5 Key Questions C-Suite Needs to Ask About Cybersecurity

Posted by Norma Stratton on

With the advancement of technology, cyber threats are becoming more sophisticated and intricate.

Organizations of all sizes face the risk of cyberattacks, necessitating the attention and participation of executive-level managers (C-Suite or even those serving on boards of directors). To help C-level executives understand their risks and prepare for cyberattacks, here are 5 key questions that the C-Suite can use to get a better understanding of cybersecurity best practices.

1. Why should I be concerned about data security?

The threat of cybercrime is very real. Any internet-based system or service is at risk. Approximately every 39 seconds, a computer or web server connected to the internet is attacked. While most of these are unsuccessful, it only takes one attack to create havoc on unpatched or exceptionally vulnerable computers.

2. What are the top cybersecurity threats today?

The most critical threats for organizations are undoubtedly wire transfer fraud and ransomware. Fraudulent wire transfers occur when funds are transferred manually between entities. A hacker breaks into an organization's email system and looks for employees involved with finances and payments. Payment information is then exchanged between the two parties.

Ransomware is malicious software that encrypts data and critical system files, making computers and data impossible to access without decryption. An attacker only provides a decryption key if a ransom is paid to them. Because of the cost of recovery, many businesses affected by ransomware have even gone out of business.

3. Do our employees receive appropriate cybersecurity training?

It is crucial for organizations to provide security awareness training. In wire transfer fraud, employees are tricked into giving restricted account information. The most common way ransomware is spread is via emails, which require the employee to open malicious attachments or click on malicious links. Cyberattacks and emails can get past even the best-configured security systems with robust monitoring mechanisms.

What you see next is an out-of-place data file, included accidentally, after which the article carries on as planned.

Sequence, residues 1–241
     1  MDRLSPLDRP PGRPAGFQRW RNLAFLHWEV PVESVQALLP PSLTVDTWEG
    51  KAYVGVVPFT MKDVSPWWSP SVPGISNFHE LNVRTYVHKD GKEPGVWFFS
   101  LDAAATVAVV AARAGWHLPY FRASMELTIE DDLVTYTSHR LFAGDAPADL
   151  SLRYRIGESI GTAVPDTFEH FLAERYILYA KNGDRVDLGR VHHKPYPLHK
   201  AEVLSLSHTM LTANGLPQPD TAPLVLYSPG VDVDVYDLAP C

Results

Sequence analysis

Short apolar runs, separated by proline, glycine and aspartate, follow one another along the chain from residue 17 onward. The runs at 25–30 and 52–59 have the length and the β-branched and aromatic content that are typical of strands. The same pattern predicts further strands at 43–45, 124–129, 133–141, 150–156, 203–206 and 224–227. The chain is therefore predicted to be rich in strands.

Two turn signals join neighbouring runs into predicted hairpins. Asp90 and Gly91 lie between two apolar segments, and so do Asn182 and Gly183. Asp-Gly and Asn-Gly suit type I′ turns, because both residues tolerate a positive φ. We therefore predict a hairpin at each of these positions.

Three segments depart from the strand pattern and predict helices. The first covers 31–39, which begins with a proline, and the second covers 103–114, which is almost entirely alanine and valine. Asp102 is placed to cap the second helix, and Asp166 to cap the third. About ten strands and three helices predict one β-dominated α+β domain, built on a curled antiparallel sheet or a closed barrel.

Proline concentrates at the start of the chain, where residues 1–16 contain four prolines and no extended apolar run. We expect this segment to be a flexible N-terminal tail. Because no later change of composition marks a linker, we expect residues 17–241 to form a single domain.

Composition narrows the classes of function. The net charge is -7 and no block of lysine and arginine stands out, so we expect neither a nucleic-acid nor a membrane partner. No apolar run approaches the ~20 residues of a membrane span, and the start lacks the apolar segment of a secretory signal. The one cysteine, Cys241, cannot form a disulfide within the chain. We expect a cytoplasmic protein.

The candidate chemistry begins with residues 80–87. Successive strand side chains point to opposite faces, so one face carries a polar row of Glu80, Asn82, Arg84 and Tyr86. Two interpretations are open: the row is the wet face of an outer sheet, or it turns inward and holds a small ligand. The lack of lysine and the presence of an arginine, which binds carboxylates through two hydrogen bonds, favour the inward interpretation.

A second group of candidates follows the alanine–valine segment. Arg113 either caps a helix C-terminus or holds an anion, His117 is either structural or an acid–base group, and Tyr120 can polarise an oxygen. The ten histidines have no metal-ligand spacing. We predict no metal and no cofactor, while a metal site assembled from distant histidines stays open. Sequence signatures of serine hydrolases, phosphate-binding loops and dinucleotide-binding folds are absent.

Finally, the person sitting at their desk should determine if what they are seeing is a real communication and not an attempted cyberattack. To keep employees informed about security, all organizations should provide cybersecurity awareness training at least once a year and when they hire new employees

4. Is it possible to detect a successful or attempted cyberattack?

An effective information security program not only puts mechanisms and controls in place to prevent a data breach, but also includes methods to monitor the operation of a web server and notify users of a cyberattack. Because an internet-connected environment is under constant attack, the use of a 24/7 monitoring system is essential for network security

5. Are we prepared to deal with a cyber security emergency?

In response to a cyberattack, having a documented plan is only the first step. The next step in the process is educating people who will respond to emergencies. Lastly, and perhaps most importantly, the plan must be tested frequently (and the results should be evaluated).

In today's ever-changing cybersecurity landscape, businesses need to be able to respond to critical incidents in the event that the unthinkable happens. At Safe Harbour, we have a team of IT veterans who can help educate C-level executives to understand and create a proactive plan to mitigate cyberattacks.